Wednesday, February 29, 2012

Weekend Assignment #5: Mardi Gras Images

 Taken during "Bacchus," this is a picture of the float named "Baby Kong."  It was one of my favorite floats in the parade.

This float, "Louisiana Music" was of particular interest to me in the context of the assignment.  I believe it was an effective representation of the musical culture of New Orleans and the rest of Louisiana.  

Apparently, these parade-goers thought a blow up doll would be an effective method for acquiring more beads.  Unfortunately, I did not stick around them long enough to see if they benefited from it.  

This LSU inspired throw is just another representation of how local culture makes its way into every part of Mardi Gras.  

A quick picture of Bourbon Street before things got too out of hand.  Shortly after this picture was taken, the streets were overcome with a huge mass of drunk men, women, and (probably) children.  

Wednesday, February 15, 2012

Rashi Sharma: Food, Ethnicity, and Community in India

Rashi Sharma: Food, Ethnicity, and Community in India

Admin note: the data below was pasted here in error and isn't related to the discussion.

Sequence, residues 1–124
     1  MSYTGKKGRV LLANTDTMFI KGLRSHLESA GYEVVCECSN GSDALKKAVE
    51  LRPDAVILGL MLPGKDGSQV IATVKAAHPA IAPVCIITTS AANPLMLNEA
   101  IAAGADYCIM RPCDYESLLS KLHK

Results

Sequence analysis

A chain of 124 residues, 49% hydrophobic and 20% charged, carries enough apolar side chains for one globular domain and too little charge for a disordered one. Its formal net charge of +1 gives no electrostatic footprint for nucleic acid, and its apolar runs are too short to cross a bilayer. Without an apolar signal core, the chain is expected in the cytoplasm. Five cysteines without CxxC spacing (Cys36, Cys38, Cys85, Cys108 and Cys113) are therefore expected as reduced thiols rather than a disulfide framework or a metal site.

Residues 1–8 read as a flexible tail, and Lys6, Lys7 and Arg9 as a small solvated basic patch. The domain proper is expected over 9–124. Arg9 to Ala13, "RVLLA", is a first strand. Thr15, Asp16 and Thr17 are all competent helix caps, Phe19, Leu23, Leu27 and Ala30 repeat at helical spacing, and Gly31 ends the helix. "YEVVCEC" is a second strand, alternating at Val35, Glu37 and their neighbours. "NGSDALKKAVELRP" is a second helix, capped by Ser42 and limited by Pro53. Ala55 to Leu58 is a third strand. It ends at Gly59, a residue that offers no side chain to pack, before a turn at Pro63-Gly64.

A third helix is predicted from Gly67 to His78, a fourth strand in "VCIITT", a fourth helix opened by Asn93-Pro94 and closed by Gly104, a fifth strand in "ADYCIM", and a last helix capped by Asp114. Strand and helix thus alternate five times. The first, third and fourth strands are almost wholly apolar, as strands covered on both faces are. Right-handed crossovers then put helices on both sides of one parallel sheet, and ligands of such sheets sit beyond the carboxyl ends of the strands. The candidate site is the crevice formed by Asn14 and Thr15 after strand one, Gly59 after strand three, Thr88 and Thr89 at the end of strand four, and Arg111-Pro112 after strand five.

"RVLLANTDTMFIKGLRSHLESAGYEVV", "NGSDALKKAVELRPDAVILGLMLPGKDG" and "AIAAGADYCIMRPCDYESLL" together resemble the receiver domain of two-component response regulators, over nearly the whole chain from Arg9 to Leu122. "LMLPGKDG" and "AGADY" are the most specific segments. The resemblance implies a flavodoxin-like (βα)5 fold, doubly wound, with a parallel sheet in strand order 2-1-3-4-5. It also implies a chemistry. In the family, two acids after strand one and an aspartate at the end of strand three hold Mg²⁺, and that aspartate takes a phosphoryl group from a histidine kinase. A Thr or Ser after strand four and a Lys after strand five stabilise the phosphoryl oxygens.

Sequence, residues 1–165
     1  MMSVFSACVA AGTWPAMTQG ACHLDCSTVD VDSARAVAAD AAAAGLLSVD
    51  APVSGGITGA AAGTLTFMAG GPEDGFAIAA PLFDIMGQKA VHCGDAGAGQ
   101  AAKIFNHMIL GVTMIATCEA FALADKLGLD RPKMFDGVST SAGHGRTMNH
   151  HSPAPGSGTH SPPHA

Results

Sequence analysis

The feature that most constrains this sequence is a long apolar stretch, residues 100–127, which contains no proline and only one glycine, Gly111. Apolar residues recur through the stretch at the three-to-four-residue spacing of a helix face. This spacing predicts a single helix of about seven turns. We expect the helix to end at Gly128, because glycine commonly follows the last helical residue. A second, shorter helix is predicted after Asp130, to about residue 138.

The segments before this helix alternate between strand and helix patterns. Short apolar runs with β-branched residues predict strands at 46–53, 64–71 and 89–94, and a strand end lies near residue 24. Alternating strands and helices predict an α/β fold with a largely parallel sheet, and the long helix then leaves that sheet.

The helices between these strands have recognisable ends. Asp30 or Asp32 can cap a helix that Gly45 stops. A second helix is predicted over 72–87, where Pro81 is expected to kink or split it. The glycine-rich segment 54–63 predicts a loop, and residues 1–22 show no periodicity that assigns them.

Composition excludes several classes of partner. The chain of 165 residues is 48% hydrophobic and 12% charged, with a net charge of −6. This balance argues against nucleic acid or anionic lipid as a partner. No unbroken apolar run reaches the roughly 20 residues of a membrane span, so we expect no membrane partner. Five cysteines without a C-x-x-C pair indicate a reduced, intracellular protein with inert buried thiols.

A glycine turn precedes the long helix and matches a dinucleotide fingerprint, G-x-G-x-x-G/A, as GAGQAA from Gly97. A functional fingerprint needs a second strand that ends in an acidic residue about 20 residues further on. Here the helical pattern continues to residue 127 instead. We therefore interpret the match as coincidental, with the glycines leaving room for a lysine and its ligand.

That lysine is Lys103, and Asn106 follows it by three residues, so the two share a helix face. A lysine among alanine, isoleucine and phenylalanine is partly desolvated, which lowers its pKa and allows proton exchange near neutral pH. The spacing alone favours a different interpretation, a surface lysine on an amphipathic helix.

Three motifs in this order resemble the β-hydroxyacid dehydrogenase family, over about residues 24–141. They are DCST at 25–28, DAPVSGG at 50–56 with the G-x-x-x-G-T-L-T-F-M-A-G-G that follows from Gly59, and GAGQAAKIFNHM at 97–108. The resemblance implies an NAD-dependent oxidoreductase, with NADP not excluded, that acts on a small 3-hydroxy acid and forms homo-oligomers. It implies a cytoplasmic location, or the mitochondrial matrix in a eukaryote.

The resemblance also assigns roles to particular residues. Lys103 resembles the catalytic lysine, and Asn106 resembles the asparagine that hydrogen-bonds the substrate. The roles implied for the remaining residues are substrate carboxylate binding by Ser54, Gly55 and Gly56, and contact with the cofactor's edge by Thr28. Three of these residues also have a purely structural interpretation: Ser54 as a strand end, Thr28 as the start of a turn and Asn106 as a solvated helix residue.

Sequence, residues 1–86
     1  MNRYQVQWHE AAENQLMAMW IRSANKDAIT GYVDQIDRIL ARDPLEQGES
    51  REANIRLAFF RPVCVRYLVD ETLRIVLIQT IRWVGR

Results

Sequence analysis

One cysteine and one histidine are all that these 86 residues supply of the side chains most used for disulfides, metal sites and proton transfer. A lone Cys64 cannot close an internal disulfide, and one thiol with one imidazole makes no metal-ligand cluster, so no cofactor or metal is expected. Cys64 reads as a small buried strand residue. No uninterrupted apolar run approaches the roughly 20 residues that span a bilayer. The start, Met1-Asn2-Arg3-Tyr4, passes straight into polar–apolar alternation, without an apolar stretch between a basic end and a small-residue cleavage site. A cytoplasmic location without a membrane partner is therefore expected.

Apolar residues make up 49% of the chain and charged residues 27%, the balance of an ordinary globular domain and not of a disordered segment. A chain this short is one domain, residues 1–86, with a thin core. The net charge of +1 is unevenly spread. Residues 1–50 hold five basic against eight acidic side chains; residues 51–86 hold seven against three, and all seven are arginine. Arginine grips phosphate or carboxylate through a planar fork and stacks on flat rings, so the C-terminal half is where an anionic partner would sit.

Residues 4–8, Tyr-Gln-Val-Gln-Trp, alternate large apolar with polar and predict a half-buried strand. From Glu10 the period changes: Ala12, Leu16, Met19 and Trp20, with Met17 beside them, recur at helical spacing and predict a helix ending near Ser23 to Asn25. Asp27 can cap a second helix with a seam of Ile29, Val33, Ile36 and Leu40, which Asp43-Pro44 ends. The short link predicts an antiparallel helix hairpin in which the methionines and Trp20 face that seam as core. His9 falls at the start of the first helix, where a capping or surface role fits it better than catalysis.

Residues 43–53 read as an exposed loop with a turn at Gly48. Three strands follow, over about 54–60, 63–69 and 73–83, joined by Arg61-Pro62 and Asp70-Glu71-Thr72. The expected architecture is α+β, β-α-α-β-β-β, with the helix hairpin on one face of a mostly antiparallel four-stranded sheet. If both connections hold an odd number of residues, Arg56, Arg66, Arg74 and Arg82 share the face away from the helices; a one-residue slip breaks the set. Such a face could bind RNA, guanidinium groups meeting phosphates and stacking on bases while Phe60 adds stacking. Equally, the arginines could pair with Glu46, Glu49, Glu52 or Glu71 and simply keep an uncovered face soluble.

"Hi my name is Rashi Sharma and I'm an international student from India.  Food is a pretty important part of the Indian culture, uh, we eat it and like-everyday, obviously haha- but in all the festivals, the food changes depending on which god you're celebrating and like what time of the year it is. So its pretty- like say- if the economy is doing well, the amount of food and the type of food will be different than what you get at other times so it reflects the economy a lot. Um, when the economy is like down or people don't have as much faith in it-like kind of how America is right now- well the food is more based around starch, and cheaper vegetables but when, say, the economy is going really well, you see a larger amount of meats or seafood and dairy dishes such as paneer.  My mom's the main cook and most of the food we eat is form the North of India so it's got more to do with the bread like the bread that you guys have- like the naan that you know of- and like vegetables and lentils and not so much as the rice which is from the south part of India. But things are getting stretched and mixed together now so its all becoming one.  My mother's name is Venita (Sharma).  No, like in India its usually just the women cook. I mean now things are changing obviously and the guys are trying to cook as well but my dad has like no skills in the kitchen.  I mean I guess before people started Westernizing, the women were mostly the people who stayed at home and looked after kids and took care of the house and like stuff like that. Now, they're earning and they're going into all the different professions- like before it was just restricted to nursing and teaching- but now lots of them are going into the business world. We have Holi, the festival of colors and its coming up in March and we have Devali, the festival of lights and its like the Indian New Year and it celebrates basically a god coming back from exile- well thats the history behind it.  There's also a festival- and I'm forgetting the name behind it, sorry there's just so many- when you take an entire week to take a god home and you look after it and you put it out to sea and its really intense, oh my god I love it.  At festivals (as opposed to everyday fare) its usually a lot more sweets, like I actually don't know the name of it but um sweets is the only thing I can think of like its not chocolate and its not dessert but um- yeah like pastry! wait no, well i don't know. Its like lots of fat and its so good though and you have different kinds of it. And the food, you have variations in that depending on the god. Like you have these things called Murti, like they're for the elephant god. Yeah, everything is more gluttinous. And you also have these things like coconut. Like whenever you have a festival you have to break a coconut like as a means of showing respect to the god, I mean I'm not exactly sure what but yeah you like break the coconut in front of them so that happens a lot during festival season.  Um, what do you mean? Oh no, you buy food at the festivals, no one is expected to bring anything from home. Yeah like a fair in America.  Yeah, during festival season you have like evening or morning -depending on the family's preference- like prayers.  You have this one festival in which you celebrates older brothers, well like the older sibling, so like my sister would tie a little band around me that show that she loves me and then I have to eternally promise  to like look after her in like life and stuff. So thats there and its more of like a family thing, not really a community thing.  Then there's another festival in which the community hangs a pot from one of the floors outside and the community has to get together to make like a huge ass pyramid and break the pot, oh its so much fun!"